About 35 years ago, I took a jaunt down Modock Hill Road, in Madison. The portion of the road north of Colby Hill Road had not been maintained for most of a century, and some of it remains that way today, leading back into Conway on steep, rocky, washed-out slope. 

All maps back then spelled the name "Modock," and Conway road signs persist in that practice, but Madison now spells it "Modoc," and I think that reflects the original intent. Spelled with the "k," the word appears only as the last name of a family that originated in Pennsylvania and later dispersed to the Midwest, West, and South, but no Modock seems to have ever lived in New England, let alone Madison. Without the "k," Modoc refers to an Indian tribe that was indigenous to southern Oregon and northern California, but no obvious connection suggested itself there, either — until I stopped to investigate a cemetery along the way. 

I remembered the cemetery as a village-sized graveyard sitting right at the side of the road, with an iron-gated fence and scores of graves, including a tall, ornate tomb. When I returned to that spot late last October, I walked right past the cemetery without spotting it. Only after stopping at a house to ask directions did I find it, sitting 50 yards or so up in what is now woods, with no iron gate or fencing. It wasn't as large as I remembered, either, nor was there a tomb of any kind. 

The graves I was looking for were marked by simple headstones for a mother and her daughter. The little girl was Abby Katrine Van Nest, who was born to Barrant and Vienna Van Nest in Humboldt Bay, Calif., on Sept. 7, 1862. She died in Madison on May 22, 1864. Her mother died Nov. 4, 1869. 

Barrant Van Nest was a New York native, but by 1855 he was operating a private school in Eureka, Calif. In September of 1859, he was elected sheriff of Humboldt County, but the following February he played a shadowy part in a series of massacres that killed as many as 200 Wiyot Indians — mostly women and children — in and around Eureka. The unoffending Wiyots were near neighbors of the more aggressive Modoc tribe, with whom the settlers often confused them.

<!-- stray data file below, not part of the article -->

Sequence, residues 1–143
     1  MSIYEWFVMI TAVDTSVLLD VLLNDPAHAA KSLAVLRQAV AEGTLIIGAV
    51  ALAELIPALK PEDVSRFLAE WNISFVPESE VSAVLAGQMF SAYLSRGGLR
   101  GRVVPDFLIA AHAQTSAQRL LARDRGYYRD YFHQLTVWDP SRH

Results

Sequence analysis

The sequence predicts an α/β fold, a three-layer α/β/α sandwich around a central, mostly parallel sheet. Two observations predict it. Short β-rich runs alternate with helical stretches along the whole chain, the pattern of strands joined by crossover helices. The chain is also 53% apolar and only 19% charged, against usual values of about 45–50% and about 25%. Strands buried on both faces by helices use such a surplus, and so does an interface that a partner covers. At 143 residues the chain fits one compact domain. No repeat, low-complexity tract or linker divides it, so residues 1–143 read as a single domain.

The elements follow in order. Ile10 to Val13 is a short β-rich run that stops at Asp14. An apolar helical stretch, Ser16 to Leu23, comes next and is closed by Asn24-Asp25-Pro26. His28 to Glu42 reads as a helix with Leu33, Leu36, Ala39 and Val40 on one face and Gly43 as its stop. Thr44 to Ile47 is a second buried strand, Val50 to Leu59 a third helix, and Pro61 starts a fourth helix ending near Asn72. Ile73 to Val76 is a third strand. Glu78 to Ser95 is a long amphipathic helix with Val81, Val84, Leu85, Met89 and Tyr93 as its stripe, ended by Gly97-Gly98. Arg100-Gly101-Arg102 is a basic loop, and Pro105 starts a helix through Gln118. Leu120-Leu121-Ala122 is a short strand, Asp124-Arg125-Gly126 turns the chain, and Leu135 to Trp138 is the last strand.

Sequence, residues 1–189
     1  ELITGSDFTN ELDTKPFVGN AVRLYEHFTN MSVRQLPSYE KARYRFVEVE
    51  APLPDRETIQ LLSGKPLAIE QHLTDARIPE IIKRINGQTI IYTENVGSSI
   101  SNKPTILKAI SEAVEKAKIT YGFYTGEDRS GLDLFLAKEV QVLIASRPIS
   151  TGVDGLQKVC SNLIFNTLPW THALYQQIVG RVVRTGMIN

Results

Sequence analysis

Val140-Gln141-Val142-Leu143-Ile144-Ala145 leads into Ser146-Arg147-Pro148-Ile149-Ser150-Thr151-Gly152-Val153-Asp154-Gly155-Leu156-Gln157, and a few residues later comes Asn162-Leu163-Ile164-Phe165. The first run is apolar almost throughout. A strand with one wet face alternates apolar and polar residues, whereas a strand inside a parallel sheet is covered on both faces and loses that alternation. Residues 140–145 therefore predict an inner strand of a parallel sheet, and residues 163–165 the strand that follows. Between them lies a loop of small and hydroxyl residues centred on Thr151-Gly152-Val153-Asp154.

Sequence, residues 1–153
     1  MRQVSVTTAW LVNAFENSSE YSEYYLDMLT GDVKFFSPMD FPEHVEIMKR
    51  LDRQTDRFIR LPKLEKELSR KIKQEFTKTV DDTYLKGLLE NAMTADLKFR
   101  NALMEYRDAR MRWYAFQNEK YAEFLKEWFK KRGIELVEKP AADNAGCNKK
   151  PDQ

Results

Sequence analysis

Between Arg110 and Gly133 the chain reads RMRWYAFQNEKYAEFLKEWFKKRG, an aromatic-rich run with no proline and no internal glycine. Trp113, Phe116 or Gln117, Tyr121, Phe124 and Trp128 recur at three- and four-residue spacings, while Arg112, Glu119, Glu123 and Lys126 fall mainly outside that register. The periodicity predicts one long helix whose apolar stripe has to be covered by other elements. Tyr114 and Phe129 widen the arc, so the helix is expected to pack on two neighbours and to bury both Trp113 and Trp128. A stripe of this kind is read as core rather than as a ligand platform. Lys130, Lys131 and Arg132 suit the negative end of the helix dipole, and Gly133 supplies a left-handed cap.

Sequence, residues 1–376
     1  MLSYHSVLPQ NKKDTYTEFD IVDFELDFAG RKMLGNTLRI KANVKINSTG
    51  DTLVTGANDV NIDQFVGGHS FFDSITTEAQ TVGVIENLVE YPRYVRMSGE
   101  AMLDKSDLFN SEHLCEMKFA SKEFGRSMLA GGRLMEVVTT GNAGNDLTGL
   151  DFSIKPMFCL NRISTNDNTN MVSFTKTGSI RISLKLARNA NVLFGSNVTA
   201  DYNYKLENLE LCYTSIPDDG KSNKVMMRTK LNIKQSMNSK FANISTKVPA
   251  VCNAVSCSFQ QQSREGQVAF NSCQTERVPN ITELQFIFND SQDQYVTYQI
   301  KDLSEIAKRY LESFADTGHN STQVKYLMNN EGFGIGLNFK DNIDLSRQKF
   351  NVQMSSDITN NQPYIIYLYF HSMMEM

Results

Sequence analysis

Van Nest helped raise the volunteer company that was suspected of conducting the slaughter, and he obstructed the investigation of the murders. Maj. Gabriel Rains of the U.S. Army, who soon became a Confederate general, charged Van Nest with publishing false information and all but accused him of complicity in the "horrid massacres." Van Nest was not re-elected sheriff, but he did head a committee that inspected the Klamath Indian reservation, north of Humboldt Bay. His report on conditions there was not charitable, and as late as midsummer of 1861 he was still agitating for a military force to prevent Indian depredations. The most frequent reports of attacks and atrocities were attributed to the Modocs.

Until at least four months after the massacres, the future Vienna Van Nest was the single Vienna C. Jackson, nearing the age of 27 and living with her parents high on a hillside in Madison. She worked as a teacher in the common school almost directly across the road from her home.

Sometime between July of 1860 and the end of 1861, she migrated to Humboldt County, probably in response to one of the broadcast advertisements offering enticing salaries for teachers who came to that isolated region. Single women of her age were in demand as wives, too, and Van Nest presumably married her at least by December of 1861.

Abby's parents brought her East as an infant, evidently to live in Madison with her grandparents.

If Barrant Van Nest regaled his new neighbors with tales of Indian troubles as persistent and wild as those he sent the governor of California and the U.S. Army, those Yankee farmers would have handled him with merciless irony. In one likely sequence, Van Nest's temporary residence would have been identified with the Modocs' nemesis, and the unnamed summit behind the Jackson house might easily have become Modoc Hill. Whether or not that was the precise etymology, no explanation for the name outside of Van Nest's California stories seems plausible.

Vienna died at the age of 36, in the immediate wake of her second daughter's birth. That child, Evangeline, moved to New York with her father, who remarried only to be divorced. Later, he and Evangeline lived in Wisconsin, where he taught school again, but after 1880 her trail runs cold. Van Nest ended his days as the postmaster of Box Butte, in far western Nebraska, having long since forgotten Madison, but in a way the town of Madison remembers him.

 

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